If your system is crazy and you don't feel like figuring out the macro code, you can always just throw dice like you usually would and figure out your own success.

Programmers, you can make this thing dance. I'm still digging in its functionality. I'm pretty sure there is a way to have it prompt for a variable, but I haven't figured it out just yet.

Game Rooms.

You can store each game you play as a separate "game room" to keep your DnD rolls from getting up in your Savage Worlds. Each game room can have its own rolls, background for the rolling surface, dice color, lighting, mood, etc.  once you set up your game room, you can switch between them in a few taps.

Character Sheets

There is a remedial character sheet function built in.  You can choose from several prebuilt games, including DnD.  It allows you to easily roll a stat by clicking on it.  I haven't used it extensively so I don't know it's short comings (I tend to use interactive PDFs for my character sheets). I do know it isn't very attractive.


I'd like to just write "damn near everything."

Dicenomicon is really designed for everyone from the most casual player who lost their monopoly dice - through the dice connoisseur. You can select color and texture, even make entirely custom dice with PNG files for sides (your face, kittens, whatever).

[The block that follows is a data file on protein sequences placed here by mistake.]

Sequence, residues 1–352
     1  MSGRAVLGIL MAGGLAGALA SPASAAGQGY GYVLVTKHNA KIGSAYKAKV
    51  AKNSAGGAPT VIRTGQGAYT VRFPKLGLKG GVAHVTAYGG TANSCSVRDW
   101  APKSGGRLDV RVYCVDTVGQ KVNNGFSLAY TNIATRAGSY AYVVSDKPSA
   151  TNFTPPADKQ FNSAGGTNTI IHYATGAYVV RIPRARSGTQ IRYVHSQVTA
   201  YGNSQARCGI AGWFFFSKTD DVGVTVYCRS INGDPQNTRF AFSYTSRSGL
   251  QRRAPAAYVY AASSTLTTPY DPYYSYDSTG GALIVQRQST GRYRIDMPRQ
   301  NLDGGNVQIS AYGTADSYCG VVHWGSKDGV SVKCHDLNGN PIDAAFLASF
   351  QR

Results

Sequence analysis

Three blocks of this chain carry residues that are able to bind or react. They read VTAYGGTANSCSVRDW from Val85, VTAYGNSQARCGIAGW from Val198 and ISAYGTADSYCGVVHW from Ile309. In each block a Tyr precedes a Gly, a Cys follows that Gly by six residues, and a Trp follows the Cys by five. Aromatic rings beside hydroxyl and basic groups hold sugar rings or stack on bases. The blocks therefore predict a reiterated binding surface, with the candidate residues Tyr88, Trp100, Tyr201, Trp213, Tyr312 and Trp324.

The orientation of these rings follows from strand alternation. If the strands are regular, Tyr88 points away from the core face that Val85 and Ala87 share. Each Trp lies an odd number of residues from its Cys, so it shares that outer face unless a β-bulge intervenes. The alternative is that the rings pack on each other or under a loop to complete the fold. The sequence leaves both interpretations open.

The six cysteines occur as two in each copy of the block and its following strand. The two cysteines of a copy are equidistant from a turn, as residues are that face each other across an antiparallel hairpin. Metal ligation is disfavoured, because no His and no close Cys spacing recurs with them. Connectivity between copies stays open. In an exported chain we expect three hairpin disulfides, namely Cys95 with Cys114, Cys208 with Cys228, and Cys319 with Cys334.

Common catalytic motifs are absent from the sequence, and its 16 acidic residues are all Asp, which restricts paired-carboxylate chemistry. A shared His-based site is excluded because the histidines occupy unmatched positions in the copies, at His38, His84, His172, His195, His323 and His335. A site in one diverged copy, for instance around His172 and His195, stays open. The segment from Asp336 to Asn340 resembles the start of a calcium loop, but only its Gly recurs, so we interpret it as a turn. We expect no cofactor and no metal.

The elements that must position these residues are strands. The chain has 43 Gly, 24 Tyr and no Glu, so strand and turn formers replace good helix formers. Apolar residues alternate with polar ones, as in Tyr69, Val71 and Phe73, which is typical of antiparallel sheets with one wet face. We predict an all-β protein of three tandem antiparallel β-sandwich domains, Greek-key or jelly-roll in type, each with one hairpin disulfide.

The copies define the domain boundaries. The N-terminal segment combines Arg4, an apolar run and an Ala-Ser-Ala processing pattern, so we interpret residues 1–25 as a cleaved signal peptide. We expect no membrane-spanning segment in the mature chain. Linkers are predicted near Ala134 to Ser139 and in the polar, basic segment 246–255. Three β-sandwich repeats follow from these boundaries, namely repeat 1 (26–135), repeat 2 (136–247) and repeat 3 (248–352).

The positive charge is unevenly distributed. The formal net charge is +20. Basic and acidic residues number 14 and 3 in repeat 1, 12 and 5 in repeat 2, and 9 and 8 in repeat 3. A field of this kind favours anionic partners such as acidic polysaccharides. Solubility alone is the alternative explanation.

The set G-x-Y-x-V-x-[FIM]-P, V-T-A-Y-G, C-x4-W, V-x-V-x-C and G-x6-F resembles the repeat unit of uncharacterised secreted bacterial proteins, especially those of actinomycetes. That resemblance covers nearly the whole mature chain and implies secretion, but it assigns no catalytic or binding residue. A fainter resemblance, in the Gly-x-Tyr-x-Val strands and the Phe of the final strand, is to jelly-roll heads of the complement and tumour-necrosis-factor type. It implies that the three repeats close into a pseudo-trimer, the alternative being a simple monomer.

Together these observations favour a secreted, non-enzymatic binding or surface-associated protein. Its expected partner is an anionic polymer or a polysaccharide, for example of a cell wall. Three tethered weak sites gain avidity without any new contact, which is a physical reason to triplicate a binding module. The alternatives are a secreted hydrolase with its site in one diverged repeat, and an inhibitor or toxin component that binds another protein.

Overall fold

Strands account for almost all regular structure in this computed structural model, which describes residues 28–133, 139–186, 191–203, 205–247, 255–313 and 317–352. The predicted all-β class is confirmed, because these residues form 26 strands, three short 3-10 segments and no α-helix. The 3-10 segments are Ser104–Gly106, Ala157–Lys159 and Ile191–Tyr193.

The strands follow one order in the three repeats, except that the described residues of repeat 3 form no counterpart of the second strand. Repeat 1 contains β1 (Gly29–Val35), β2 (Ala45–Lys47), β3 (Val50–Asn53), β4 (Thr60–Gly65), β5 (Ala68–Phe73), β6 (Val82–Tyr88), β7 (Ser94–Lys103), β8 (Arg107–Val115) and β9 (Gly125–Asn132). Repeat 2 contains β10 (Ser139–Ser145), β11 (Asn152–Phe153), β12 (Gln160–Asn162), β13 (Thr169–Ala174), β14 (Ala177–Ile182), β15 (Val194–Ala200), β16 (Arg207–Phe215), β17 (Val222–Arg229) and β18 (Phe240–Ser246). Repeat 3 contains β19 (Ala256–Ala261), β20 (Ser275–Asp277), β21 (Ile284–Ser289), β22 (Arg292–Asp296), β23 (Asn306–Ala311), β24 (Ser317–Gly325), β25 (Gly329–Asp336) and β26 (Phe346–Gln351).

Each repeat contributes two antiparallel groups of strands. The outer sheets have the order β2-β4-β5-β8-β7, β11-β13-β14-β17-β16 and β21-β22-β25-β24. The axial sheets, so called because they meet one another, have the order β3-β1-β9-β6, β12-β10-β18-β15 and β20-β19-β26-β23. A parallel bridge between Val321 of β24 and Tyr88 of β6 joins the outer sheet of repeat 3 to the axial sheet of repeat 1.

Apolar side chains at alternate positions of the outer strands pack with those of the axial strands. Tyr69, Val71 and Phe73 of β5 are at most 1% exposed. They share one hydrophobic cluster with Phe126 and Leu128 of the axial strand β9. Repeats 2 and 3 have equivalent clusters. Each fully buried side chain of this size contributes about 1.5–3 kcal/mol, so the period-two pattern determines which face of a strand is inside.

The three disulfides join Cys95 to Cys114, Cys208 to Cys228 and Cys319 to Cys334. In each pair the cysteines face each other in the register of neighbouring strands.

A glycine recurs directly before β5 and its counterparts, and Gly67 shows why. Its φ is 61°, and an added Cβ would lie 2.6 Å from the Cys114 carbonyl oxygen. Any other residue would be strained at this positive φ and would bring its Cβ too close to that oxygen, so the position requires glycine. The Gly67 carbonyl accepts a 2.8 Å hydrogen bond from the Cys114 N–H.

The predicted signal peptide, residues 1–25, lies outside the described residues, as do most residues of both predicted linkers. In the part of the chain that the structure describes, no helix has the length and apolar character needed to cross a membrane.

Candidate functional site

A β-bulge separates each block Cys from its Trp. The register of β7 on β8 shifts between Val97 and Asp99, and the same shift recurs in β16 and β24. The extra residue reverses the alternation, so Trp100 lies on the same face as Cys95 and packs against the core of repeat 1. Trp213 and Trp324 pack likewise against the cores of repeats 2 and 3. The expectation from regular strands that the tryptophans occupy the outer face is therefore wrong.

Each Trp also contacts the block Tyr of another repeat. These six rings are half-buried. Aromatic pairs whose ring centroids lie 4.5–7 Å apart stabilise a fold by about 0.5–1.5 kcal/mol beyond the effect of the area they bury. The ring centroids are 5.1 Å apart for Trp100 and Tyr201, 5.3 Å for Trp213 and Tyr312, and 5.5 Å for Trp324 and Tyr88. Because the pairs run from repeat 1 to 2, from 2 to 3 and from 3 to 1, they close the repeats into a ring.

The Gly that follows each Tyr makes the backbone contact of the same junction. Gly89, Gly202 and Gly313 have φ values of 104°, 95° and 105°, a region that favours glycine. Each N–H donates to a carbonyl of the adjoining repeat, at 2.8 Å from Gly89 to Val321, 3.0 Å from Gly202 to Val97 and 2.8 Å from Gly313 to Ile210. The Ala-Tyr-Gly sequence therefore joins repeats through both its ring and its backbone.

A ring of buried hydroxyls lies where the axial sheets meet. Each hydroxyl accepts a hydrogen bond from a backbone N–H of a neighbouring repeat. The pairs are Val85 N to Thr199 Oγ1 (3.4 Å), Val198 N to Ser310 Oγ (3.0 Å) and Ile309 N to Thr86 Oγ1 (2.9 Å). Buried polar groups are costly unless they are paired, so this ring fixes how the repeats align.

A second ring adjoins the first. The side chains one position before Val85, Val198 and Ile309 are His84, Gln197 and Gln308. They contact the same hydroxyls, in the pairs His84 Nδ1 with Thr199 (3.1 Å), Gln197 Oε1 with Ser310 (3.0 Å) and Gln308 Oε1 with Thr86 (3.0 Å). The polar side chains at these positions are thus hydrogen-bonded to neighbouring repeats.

A variety of d6 textures and colors.

The most superfluous feature of customization is easily the ability to change how the dice box is lit. You can set the mood in the dice box with dim lighting.

Lighting, all the same dice under different conditions.

Got your lighting right? Now You can customize the physics to your wildest desire:
I know you always wanted to roll d7s with your face on the sides, under moon gravity. It's ok, you can admit it, and dicenomicon can make that dream a reality.

Some Physics Options

What does it lack?

I wish I had more complaints - I'm not a sales rep, for crying out loud. All the features that I feel are essential have already been included. You have the ability to store your favorite rolls for each game, as separate "game rooms". Custom dice. Auto calculation. There is even limited export for your game rooms.  So where is the weakness?